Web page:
August 10, 2020
As expected, the sunrise over the lake was spectacular, even if we slept in and missed the first part. It was cool but not cold out, even at 6,500 feet.
We made coffee and walked to the boat ramp, about a half mile away, and sat on the quiet dock and watched the lake wake up.
After breakfast back at the campsite, we brought our chairs down to the pebble beach again and sat watching the sun get higher.
Eventually, we warmed up enough to take the kayaks out. The lake was the perfect size for kayaking with enough space for two days of exploration. We paddled to four rocky islands and I wondered how the lake was made. Dammed? Glacier gouged? A millennia of flooding? A few ducks with ducklings swam around but we saw no sign of fish anywhere in the clear water. We hit every cove on the way back and were content to float back much of the way. The sun was high in the cloudless sky but the temperature was probably no more than 80 degrees and the water was not much cooler than the air. There was no cell signal. Perfect.
Back at the campsite, we were hungry and made lunch. We find we usually don’t eat quite enough when we camp and hike so we try to remember that and fill up when we can. We went back to the beach and several more people paddled in, including a young family with two rambunctious small boys who reminded us of our grandkids in Washington whom we hadn’t seen in months due to Covid. As the sun heated us up, we finally went in the water, which was pleasant to the feet but chilly to the rest of the body. I eventually went all the way in and felt the day’s grime wash off.
We had intended to relax that day and simply kayak and hang out but we found a hike to a waterfall that began walking distance from our campground, so we got our hiking gear on and took off. Thunder had been rumbling for an hour and there were some ominous clouds but we felt they were moving away from us, or told ourselves that anyway. Nonetheless, we packed a very unhiking-like umbrella just in case we got caught.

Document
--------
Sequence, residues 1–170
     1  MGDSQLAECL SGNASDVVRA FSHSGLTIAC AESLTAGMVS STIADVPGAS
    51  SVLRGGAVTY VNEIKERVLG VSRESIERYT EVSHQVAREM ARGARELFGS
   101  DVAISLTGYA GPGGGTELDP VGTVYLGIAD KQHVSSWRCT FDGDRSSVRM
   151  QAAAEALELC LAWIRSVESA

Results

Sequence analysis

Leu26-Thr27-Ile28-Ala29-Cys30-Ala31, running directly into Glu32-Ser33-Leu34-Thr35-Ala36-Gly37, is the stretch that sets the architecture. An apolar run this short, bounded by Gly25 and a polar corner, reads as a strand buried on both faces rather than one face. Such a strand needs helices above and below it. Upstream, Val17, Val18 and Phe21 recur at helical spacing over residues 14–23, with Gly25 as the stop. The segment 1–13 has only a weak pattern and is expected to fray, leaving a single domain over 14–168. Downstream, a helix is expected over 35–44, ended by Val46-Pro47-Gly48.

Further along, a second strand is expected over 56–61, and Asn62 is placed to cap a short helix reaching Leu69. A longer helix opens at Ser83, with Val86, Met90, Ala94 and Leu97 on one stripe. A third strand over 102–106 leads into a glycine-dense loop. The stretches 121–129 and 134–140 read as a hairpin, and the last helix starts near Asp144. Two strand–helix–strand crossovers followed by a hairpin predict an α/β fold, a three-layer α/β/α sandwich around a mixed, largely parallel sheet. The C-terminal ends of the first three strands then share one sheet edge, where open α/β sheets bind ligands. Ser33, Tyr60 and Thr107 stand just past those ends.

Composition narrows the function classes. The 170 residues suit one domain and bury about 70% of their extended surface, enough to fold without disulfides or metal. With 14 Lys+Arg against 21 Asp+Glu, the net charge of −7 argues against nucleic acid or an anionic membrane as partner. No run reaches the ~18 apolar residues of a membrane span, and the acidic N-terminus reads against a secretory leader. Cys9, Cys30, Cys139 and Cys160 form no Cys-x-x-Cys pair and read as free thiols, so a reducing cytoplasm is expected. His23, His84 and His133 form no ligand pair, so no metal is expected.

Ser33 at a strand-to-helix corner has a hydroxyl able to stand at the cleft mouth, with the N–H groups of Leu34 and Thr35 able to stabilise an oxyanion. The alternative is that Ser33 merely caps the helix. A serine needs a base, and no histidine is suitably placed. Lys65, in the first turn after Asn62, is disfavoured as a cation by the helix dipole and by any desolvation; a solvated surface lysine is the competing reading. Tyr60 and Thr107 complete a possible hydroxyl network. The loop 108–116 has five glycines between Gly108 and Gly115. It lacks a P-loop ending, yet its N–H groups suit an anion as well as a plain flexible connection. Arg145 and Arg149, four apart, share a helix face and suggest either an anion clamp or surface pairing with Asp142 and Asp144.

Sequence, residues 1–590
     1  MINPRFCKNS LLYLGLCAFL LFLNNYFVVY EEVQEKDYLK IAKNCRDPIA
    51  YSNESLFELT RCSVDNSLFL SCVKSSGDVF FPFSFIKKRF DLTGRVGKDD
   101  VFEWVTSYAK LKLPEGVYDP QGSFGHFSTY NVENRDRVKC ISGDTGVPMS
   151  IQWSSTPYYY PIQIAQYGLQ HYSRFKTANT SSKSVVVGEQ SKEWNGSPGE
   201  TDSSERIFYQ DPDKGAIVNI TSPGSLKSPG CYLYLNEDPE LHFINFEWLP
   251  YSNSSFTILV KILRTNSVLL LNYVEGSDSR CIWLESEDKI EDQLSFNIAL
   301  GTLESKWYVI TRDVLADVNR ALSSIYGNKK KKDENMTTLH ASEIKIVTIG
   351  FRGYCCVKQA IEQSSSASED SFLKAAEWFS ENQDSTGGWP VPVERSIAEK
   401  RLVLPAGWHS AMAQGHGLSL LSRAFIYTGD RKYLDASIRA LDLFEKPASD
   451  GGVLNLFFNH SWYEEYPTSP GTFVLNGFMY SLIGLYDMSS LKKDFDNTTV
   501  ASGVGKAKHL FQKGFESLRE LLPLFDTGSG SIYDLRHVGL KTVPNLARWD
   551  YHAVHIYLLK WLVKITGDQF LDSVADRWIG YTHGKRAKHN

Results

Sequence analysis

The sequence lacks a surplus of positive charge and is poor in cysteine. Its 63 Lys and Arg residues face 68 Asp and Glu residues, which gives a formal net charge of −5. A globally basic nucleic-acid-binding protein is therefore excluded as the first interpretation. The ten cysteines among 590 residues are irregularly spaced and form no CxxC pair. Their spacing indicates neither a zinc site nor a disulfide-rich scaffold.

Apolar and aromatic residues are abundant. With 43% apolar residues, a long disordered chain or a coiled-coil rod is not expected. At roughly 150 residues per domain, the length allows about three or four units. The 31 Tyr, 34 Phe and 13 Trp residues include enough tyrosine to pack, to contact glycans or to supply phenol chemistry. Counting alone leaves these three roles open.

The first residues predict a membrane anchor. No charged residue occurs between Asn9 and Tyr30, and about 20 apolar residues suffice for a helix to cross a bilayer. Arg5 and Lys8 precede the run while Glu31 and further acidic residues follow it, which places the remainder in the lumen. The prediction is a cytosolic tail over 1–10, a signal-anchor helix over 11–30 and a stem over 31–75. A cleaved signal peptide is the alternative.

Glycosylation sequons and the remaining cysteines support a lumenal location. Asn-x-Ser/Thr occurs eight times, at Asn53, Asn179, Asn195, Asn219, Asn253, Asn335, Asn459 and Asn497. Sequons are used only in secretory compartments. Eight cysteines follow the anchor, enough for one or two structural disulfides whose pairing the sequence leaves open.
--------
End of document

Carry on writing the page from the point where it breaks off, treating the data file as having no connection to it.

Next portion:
The trail was accessed via a long dirt road that we discovered had several nice boondocking camping sites along it. We were told boondocking wasn’t possible, but now we had some alternatives if we needed them.
One sign I’d never seen, on a side road off the Forest Service dirt road said, in all seriousness, that the poor road was scheduled to be “obliterated” next year. How would they do that, we wondered? Giant laser beams? Plague and pestilence? Thermonuclear devices?
It was obvious from the road that it was muddy sometimes and there were small dry ponds along it. We were pretty sure the waterfall would be dry too. A couple of miles later, we reached the parking lot for the falls and turned on to the easy paved trail.
Eventually we came to where the waterfall would have been and sure enough it was dry, though we vowed to come back and see it in the spring. Giant granite cliffs lined both sides of a narrow canyon and coming in at right angles was where the falls normally spilled in. The Frazier River falls over 160 feet to the canyon floor with several cascades before them bringing the total drop to over 200 feet – a major league waterfall. But in mid-August it was bone dry. A sign nearby said the area and the falls themselves—and Gold Lake where we were camping—were all glacier carved. We figured seeing the falls when the snow melts and the roads first become accessible in the spring would be best so we noted to return then.
The trek back up the dusty road was arduous and thunder still rumbled constantly though we never felt a drop. An occasional car passed and tried to slow to limit the dust to no avail. Fortunately, our campsite was steps from the lake and when we finally returned, we donned our camp shoes and simply walked into the lake, our weary feet celebrating. All hikes should end this way.
After dinner, which I enjoyed with a little white wine Susan had brought in a squeeze bottle (we avoid bringing glass when we camp and this was a way to bring some leftover wine we had at home), we strolled back to the boat ramp to end the day as we began it – watching the tiny waves and a few paddle boarders and kayakers.
Back at camp, new folks had moved in next to us and their loud music and two dogs worried us. But they quieted down and we had a peaceful night as the thunder rumbled into eventual silence. Then they unquieted.